Crumbs From the Corner: Adventures in Woolgathering

Tuesday, November 13, 2007

A Strange Wedding Present

"Simplicity is the ultimate sophistication."

-Leonardo da Vinci.

This summer we made a trip to attend the wedding of some friends of ours. We fretted ever so slightly about what to bring as a gift: they had not mentioned a word about what we ought to bring, except to say that our being there would be enough. When my Spouse and I urged that we wanted no gifts at our own wedding, we meant it. I am sure our friends meant it just as much but it is difficult when you are on the receiving end of that firm statement.
We travelled to the wedding with a package of photographs from our last trip to see these friends; we selected one photograph and placed it in a typical wedding-style silver frame. The bride was mighty pleased with them, as they had not expected us to bring anything.
The day before the wedding ceremony we took the bride to one side and asked her to please think about what we could buy, something that she needed, perhaps, for the home. She looked aghast: surely the photographs had been ample? She had thought those were the wedding present! We pleaded with her, and she promised to think hard about the matter.
In a few hours, she said quietly to me, "I thought of something you could buy. But you're going to think it's a bit strange." I replied that we did not much care how strange it might be: if it turned out to be something they could use and had been thinking about for a while, we would be more than happy to buy it for them. She pointed out, reluctantly, that their kitchen waste bin was made of wood, which meant that while aesthetically pleasing, it could never be completely cleaned. It also was flawed in that the base was narrower than the opening, causing the bag of rubbish to perpetually become stuck at the bottom. Usually it took the pair of them to pull the bag out because of the small opening. This struggle, she said, was causing rows and arguments about who should take the rubbish out. It would make their lives easier if they had a better-functioning rubbish bin. It also had a very nasty snapping lid which reminded one of a crocodile who has just been fed. She was embarrassed to ask but did admit that they needed a new one. They did not wish to spend money on a replacement: it would seem too frivolous to them to do so.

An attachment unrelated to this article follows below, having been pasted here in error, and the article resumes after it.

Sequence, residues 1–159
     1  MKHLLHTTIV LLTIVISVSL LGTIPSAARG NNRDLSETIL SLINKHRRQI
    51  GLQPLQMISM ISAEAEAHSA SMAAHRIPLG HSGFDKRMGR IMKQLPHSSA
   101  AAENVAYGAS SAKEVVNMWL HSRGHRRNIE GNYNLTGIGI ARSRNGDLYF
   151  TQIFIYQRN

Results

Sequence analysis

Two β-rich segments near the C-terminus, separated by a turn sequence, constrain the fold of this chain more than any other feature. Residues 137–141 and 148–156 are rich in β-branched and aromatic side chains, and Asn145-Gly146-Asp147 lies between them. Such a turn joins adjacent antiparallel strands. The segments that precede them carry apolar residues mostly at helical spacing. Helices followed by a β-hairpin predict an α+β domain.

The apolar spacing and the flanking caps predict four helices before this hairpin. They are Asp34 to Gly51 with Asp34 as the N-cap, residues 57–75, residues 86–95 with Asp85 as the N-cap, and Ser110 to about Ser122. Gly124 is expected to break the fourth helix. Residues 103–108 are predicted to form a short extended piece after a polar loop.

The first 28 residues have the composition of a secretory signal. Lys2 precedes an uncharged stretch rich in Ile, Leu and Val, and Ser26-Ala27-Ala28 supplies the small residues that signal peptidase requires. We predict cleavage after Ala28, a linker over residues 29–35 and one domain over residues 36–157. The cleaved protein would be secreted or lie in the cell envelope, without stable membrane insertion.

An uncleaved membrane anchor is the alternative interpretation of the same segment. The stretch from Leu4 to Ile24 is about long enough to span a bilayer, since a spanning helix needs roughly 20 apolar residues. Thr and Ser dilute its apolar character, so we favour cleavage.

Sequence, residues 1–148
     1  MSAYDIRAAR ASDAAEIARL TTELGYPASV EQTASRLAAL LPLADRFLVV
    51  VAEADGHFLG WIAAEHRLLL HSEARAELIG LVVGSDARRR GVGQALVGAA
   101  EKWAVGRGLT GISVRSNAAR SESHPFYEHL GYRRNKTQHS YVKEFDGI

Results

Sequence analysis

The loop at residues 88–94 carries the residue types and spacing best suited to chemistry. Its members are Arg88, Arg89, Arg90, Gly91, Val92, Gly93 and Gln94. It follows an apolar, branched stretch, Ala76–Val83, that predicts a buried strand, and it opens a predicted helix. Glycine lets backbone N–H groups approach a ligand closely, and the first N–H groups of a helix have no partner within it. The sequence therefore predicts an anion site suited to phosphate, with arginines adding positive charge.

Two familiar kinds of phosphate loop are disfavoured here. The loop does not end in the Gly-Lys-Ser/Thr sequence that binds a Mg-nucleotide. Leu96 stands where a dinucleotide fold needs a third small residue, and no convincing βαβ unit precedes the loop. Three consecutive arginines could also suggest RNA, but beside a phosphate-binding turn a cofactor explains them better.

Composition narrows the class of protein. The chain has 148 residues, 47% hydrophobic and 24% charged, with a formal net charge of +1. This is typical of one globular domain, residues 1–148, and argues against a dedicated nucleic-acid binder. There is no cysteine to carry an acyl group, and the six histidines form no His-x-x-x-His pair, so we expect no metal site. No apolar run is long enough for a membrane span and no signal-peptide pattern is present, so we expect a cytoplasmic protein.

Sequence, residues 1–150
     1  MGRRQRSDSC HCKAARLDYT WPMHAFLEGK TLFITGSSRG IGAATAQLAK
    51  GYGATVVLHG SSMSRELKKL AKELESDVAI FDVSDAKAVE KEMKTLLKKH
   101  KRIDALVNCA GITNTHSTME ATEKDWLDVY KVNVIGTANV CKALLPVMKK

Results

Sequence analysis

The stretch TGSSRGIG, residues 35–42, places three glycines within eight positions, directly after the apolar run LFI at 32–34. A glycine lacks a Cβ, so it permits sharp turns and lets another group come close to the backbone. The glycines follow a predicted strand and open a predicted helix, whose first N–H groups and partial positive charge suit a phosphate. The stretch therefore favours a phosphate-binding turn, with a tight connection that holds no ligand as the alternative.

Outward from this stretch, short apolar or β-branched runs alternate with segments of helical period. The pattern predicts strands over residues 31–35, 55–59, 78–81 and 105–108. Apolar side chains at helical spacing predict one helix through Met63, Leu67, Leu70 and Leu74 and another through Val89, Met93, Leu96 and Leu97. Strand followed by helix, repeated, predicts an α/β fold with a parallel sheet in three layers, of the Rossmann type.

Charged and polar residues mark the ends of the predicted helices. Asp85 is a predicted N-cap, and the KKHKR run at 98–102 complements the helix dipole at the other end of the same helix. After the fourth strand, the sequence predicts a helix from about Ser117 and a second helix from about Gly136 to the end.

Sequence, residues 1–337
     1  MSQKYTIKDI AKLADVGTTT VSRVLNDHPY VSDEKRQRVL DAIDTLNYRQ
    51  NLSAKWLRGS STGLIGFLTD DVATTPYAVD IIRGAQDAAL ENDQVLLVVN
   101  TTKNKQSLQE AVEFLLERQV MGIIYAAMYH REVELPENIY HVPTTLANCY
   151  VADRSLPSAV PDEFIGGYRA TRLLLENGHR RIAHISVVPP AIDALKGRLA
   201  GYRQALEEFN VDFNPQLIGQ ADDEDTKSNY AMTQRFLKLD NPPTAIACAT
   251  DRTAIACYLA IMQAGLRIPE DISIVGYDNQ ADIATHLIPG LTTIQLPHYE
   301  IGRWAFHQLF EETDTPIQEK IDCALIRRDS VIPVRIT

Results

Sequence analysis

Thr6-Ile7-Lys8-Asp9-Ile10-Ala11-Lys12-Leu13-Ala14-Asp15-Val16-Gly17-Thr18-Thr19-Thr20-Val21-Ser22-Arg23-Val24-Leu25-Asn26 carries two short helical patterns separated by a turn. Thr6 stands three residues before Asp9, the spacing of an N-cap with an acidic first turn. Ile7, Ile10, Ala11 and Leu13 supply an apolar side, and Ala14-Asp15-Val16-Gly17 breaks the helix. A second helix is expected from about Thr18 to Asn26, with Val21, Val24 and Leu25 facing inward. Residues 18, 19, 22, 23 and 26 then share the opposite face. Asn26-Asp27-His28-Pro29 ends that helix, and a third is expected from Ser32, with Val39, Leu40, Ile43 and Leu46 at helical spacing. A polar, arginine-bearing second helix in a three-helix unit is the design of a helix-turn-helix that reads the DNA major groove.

Off we trotted, then, to Walmart, and our friend selected a new waste bin for a humble, modest sum.
She has since told us that, including all the towels and kitchen appliances, gadgets and ornaments and out of all the gifts they received for their wedding, nothing has been as useful to them in their daily life as that waste bin. She says that they think of us every time they go to take the rubbish out, a compliment we take with good grace.
It should always be about what can be used and valued. It may not have been a typical wedding present but it positively had the most impact in their home.

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